Short on space but fond of ponds? Water gardening in a container may be just the thing for you. You don’t need
a large yard, or even a yard at all to keep a water feature. A sunny corner on a deck or balcony can provide all the space
you need You can use almost anything to hold your water garden—from a simple plastic tub from the discount store to
elaborate ceramic creations costing hundreds of dollars. The basic principles are the same as full-scale ponds.
The Sound of Water
Do you want the sound of water dripping? Japanese-style
bamboo fountains are available and affordable. Set up the bamboo pipes to deliver a steady musical drip into a stone or concrete
basin. Wall fountains are another way to create the delightful sound of running water.
you like the sight of flowing water? Select a basin that overflows with water, sending rivulets running down the outside?
Drilled granite columns, available at many landscape outlets, can be set up in this manner. (A secret hidden reservoir under
the container contains a recirculating pump.)
Fountain fixtures for recirculating pumps can be put into containers
of almost any size. Fountain heads can bubble, sprinkle or spew water from the mouth of a frog or fish.
A container water garden can be a great way to showcase delicate tropical water plants we would otherwise
have trouble growing in this region. Nelumbo nucifera (Lotus) requires warmer year-round temperatures than we have here in
western Washington. The container water garden offers a gardener the ability to move the plant to microclimates in the garden
that are warm enough to encourage the lotus to grow and bloom. The pot can also be brought indoors or adequately insulated
to prevent winter freezing.
Papyrus and umbrella plants will also appreciate a little coddling in our climate.
If your container is as at least as wide as a whiskey barrel, you can select a beautiful tropical water lily and enjoy its
blooms and fragrance at close range.
Two bunches of oxygenating plants
(ask your nursery person for a recommendation) will help to keep the water clear. A water lily for floating leaves and flowers,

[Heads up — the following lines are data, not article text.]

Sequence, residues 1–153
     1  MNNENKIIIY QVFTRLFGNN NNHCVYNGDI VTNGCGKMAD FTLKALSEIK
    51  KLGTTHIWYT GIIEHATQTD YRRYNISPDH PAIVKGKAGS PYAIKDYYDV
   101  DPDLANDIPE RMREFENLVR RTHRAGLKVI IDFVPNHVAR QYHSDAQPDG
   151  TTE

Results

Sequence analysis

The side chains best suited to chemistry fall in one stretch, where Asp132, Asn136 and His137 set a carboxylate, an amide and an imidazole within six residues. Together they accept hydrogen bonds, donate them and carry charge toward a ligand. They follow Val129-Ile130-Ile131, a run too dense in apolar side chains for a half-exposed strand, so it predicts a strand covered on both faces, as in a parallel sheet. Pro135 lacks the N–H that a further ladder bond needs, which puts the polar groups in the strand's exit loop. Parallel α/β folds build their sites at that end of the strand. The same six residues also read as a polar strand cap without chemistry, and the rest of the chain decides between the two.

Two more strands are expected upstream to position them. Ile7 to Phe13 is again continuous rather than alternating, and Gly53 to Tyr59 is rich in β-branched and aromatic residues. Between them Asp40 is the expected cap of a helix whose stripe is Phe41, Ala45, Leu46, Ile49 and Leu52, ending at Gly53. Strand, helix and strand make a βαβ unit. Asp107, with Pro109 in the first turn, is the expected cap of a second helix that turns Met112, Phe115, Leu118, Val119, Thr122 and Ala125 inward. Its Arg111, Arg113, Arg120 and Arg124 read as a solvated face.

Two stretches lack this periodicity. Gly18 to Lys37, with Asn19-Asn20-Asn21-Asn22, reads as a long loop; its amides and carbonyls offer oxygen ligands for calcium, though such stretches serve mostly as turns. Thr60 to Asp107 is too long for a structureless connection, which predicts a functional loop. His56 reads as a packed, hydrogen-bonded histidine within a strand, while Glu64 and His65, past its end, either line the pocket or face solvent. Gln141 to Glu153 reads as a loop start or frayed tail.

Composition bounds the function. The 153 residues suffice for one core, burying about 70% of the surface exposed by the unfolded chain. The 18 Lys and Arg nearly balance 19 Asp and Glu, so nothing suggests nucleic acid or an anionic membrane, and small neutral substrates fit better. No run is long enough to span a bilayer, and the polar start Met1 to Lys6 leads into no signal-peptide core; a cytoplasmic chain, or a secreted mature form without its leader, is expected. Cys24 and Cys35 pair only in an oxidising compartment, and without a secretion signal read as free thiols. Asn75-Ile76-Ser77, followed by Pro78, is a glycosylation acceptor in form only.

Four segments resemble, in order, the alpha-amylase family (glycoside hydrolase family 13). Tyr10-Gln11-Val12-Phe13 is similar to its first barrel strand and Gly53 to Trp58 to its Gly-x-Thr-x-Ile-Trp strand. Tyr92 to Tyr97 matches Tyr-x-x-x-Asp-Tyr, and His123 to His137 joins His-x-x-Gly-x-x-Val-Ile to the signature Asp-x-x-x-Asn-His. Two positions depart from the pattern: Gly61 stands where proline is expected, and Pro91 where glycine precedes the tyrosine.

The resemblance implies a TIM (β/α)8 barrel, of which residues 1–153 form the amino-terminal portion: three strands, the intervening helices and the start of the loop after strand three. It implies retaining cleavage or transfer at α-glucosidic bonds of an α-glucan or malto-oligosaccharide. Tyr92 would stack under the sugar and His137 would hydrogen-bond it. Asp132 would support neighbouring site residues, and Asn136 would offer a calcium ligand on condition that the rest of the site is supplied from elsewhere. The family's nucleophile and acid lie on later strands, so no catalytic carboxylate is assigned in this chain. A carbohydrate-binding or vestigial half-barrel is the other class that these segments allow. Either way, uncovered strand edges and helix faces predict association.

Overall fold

plus some reeds or horsetails to provide height, and —presto!—you have an attractive container water garden.
The Portable Pond
If you plan on moving the container frequently, select
a lightweight faux terra cotta or stone container on a rolling stand. These new plastics have the added benefit of not cracking
and crumbling like terra cotta does.
One of the most widely used
containers for a water garden is the half whiskey barrel. Few of these barrels are suitable for use without special preparation.
Most are no longer watertight due to wood shrinkage. The wood may also contain residues which can kill fish and inhibit plant
growth. Most home improvement stores carry flexible plastic liners or thin plastic barrel liners.
For more surface area than a half-barrel, stop by your local feed store and check out their selection
of galvanized metal or heavy plastic water troughs. If you find their appearance somewhat unappealing, disguise the outer
walls with landscape timbers or bricks.
First in eye appeal—but
hardest on the pocketbook—are large ceramic jars. Because of their depth, (some over a meter tall) you will need to
elevate the plants you place in these containers. Simply set a large flower pot upside-down inside the container to create
a platform. You can fill the jar with gravel to the proper planting level, but it will make the pot impossible to move.
Regardless of the type of container you use for your
portable pond, some requirements will always be the same. When siting your water garden, make sure it will get several hours
of sunlight daily. Avoid areas where dead leaves may fall into and foul the water. Make sure you are near enough to water
sources and electrical outlets for convenience and that your outlet carries a ground fault circuit interrupter for safety.
Ceramic pots can not be allowed to freeze in winter or they will crack. If this
happens, or if you find a cracked jar you want to use for your water feature, aquarium sealant will make the jar watertight.
Similarly, if you have a pot with a drainage hole on the bottom, aquarium sealant and a flat piece of plastic will plug the
hole. Follow the curing directions on the package carefully.
consider the possibility of a leak or overflow. Where would the water go and would anything be damaged? Frequently check pumps
and fountains to make sure you don’t have any leaks. If your container water garden sits on a deck or balcony, be sure
the structure is sturdy enough to support the added weight of your filled container. Another important safety precaution is
to put screening over the water’s surface if you have small children or curious pets.
invest in a floating mosquito ring that kills mosquito larva (organically) and can be easily hidden in floating foliage. A
mosquito infestation is unpleasant at anytime but intolerable on your own patio.
The type of container and plants you select for a patio water garden is limited only by your imagination.
No matter what style of portable pond you decide on, count on hours of pleasure for a relatively small investment of time